And I have to say that I tend to agree that for a large proportion of the organisations and setups I’ve seen, that feature branching is relatively unnecessary (not for all scenarios, but many). For open source projects it is different as the thread suggest, but it’s different by the nature of the team not the project itself.
But the discussion does open up the wider point:
What have we personally “learned” in the tech community as “best practices” that are actually unhelpful and/or just plain wrong?
Maybe they were “best practices” at the time they were developed because of the availability of technologies that have now been superseded?
An example might be that we’re so used to the ability to write long running tasks (“regularly lasting longer than 5 minutes” tasks) that we have forgotten about some of the technologies that can both help us to optimise, and simplify these tasks.
I would argue that Serverless Applications are a much bigger leap than the Server to Container leap that a lot of people (and startups) are making, and that is causing problems.
Maybe that is because the constraints are seen as overly restrictive or unnecessary?
Or maybe it’s just that Serverless Applications are challenging our own personal bias and “best practices” to such an extent that we dismiss it without consideration?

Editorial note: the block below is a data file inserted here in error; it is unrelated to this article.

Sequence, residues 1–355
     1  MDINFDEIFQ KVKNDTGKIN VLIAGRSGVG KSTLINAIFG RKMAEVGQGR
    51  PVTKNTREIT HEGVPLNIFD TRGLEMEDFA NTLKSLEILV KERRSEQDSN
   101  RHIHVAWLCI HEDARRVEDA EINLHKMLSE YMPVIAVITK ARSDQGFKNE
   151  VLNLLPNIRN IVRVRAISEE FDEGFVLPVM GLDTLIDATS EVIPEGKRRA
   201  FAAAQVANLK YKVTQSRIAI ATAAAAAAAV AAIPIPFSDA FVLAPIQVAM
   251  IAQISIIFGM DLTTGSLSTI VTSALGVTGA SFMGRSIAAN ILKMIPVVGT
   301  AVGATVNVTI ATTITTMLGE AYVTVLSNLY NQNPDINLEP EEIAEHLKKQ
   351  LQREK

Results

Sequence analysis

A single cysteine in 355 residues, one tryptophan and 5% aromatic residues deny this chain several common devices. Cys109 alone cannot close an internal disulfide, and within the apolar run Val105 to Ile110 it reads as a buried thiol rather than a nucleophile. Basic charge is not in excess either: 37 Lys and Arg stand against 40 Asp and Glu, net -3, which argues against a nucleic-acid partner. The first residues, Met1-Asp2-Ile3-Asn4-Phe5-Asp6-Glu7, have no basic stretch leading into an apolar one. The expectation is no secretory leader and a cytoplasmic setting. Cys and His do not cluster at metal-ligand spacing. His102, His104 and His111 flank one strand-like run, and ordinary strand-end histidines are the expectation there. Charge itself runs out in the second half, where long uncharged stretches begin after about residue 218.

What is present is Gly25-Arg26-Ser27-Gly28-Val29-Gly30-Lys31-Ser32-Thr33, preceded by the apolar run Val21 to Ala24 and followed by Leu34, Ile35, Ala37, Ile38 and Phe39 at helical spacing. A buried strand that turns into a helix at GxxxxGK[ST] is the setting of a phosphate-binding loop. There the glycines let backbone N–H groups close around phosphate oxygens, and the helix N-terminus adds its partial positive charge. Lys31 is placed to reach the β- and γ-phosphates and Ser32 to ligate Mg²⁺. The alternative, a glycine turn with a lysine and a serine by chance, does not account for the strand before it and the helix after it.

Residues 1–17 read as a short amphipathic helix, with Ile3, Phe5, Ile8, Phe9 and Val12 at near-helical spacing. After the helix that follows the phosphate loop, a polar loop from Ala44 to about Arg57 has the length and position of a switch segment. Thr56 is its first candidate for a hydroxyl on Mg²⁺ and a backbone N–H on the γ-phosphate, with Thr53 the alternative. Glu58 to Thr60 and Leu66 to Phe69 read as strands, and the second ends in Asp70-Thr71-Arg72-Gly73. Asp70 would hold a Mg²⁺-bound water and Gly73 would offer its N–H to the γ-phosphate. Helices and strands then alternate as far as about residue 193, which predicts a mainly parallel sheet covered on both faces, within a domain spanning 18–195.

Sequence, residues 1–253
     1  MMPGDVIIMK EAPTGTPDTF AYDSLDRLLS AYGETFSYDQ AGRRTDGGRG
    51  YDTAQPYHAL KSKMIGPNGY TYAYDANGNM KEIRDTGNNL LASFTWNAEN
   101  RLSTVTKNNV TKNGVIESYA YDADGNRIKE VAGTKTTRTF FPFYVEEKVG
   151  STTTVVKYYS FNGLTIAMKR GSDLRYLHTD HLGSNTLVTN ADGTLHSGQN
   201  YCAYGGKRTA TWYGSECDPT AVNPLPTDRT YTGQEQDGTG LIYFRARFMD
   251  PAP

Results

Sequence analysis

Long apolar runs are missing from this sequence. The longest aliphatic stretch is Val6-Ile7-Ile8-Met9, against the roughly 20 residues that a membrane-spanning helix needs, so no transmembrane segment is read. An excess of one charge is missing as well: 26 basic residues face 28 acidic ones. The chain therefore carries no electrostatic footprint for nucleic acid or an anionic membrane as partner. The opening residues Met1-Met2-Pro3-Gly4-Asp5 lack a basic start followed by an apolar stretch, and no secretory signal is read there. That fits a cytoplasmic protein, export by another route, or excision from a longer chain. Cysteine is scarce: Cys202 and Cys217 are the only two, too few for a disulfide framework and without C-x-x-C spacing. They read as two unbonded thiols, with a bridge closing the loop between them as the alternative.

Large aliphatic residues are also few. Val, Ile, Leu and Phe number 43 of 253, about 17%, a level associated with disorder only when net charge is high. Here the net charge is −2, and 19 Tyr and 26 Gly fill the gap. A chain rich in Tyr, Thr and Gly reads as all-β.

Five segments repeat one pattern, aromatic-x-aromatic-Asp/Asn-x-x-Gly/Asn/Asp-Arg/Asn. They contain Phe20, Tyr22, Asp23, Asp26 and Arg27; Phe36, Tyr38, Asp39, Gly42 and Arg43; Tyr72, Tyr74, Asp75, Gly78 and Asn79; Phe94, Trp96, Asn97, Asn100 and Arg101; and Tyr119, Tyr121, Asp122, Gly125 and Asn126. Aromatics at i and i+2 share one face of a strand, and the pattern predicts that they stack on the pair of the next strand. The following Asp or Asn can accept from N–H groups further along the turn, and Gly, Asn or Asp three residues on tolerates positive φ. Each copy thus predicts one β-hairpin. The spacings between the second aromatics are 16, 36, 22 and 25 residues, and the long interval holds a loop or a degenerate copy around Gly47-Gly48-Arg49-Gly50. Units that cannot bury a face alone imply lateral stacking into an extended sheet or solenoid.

So why is this important?
Simply put, the decision as to whether to go Serverless or to go Containers or instances or whatever is often a decision that is made far too early in the process.
Maybe the first step in making a technology choice is always understanding your business domain and the constraints you can work with.
Because there are very few scenarios that I can think of where Serverless Applications don’t actually fit.
And choosing a technology because it’s what you’ve used before, or it’s what your technology team is “used to” is actually relatively lazy decision making.
And that’s very important.
I currently work for AWS as a Senior Developer Advocate for Serverless based in the UK and working in EMEA.
Opinions expressed in this blog are mine and may or may not reflect the opinions of my employer.